This past week, Yvan Martinez and Joshua Trees came along to hold a lecture discussing sound and its different variations you can do with it. They are an independent graphic design company that focuses on cultural contexts (exhibitions, games, social media, websites, and workshops) who call themselves Fake ID. There talk didn’t cover much of there work in all honesty, but the message they were telling us what we can do, what we think and how we react to the motion of sound. Joshua explained ‘’ you cant close your ears to it’’ which I felt was quite a clever fact. He also touched on the big brands we depend on via advertising press ads and he said they are starting to realise sound as a commercial.
Fake ID began in Los Angeles when the Internet arrived around ten years ago and they have had MTV, Nike, Sony and Urban Outfitters (plus many more) as ongoing clients. It was unfortunate Fake ID didn’t show any work which is on there website as some of the stuff is very inspiring. Evan and James met had in a performance art group where the two had opposite backgrounds. Evan learnt mathematics where James was taught graphic design. They both chose to look towards another fields and met paths while doing a fine art course.
The day before the talk, we had the opportunity to work with Fake ID with a one-day brief workshop. We were paired in two’s and were given an image to analyse and write a script in the form of speech. We then later had to record this in front of the class, which was very fun to do. We had a choice of the script being a story, song, monologue, dialogue, translation etc. I was paired up with Jack Fowler and we had some great fun doing the brief. The aim of the project was experiment with how language and sound can guide, challenge or change how an image is read by developing characters through visual information alone.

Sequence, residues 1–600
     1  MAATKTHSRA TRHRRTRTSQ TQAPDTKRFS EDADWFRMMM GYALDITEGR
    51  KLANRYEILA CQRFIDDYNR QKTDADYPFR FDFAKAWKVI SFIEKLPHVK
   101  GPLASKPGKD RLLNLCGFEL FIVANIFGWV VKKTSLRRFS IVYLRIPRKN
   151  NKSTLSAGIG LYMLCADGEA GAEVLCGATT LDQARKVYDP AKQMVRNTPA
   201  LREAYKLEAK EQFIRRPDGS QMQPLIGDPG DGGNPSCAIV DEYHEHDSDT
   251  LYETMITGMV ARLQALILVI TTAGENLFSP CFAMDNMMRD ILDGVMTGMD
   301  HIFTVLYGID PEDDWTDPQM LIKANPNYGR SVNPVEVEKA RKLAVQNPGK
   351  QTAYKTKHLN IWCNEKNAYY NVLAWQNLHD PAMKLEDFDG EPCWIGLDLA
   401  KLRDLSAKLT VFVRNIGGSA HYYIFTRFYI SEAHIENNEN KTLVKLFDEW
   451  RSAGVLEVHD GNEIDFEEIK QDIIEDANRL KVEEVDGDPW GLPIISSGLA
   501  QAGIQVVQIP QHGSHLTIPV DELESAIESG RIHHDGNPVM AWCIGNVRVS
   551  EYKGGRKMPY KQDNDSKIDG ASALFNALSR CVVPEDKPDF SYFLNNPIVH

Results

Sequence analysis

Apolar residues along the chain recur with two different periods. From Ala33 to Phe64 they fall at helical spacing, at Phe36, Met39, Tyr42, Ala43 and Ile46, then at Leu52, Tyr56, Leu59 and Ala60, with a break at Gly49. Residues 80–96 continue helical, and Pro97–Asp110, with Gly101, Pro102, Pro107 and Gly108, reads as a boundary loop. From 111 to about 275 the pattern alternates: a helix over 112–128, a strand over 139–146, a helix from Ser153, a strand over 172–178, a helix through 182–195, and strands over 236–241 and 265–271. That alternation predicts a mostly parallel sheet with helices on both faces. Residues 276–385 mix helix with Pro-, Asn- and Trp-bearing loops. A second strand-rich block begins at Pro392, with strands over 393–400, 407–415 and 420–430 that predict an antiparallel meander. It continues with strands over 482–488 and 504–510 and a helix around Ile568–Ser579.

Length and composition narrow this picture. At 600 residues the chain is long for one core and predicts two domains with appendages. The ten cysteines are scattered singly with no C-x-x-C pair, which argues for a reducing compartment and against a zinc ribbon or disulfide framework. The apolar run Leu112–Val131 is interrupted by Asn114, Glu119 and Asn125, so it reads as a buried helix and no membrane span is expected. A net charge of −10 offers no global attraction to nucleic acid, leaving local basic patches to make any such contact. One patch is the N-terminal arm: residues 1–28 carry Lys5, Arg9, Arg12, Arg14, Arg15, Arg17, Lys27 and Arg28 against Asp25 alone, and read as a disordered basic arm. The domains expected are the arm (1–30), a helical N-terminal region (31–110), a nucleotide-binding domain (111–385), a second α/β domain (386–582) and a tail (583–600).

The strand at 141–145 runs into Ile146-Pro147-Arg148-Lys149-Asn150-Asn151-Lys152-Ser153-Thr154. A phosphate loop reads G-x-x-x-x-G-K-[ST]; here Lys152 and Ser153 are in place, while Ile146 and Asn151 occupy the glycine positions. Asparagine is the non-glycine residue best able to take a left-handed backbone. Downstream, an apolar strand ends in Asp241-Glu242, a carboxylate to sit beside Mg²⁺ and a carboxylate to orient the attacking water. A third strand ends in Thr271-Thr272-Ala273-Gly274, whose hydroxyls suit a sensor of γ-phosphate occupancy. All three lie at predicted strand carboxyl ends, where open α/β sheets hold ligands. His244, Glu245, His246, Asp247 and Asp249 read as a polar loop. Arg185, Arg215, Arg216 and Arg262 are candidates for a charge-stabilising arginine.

We decided to choose a story, which we had a positive and funny response to. All though Fake ID didn’t show any work, there thinking and no how of design shown me that there are all aspects of design to work with and sound is definitely a growing concept to work on.
Wednesday, 6 May 2009
On my final day in London, I decided to do some sightseeing. I was lucky to find the landmarks such as Big Ben, the Houses of Parliament, Downing Street and Buckingham Plaice. I was overwhelmed with the size and structure of the buildings but I was more interested in the street art I walked into. As I turned the corner, I noticed crowds of people surrounding three different areas near the National Portrait Gallery. As I looked closer, I saw a number of artists painting some interesting illustrations similar to the one’s I found in Manchester not to long ago. I also noticed the witty comments written at the sides of the paintings, which made me laugh.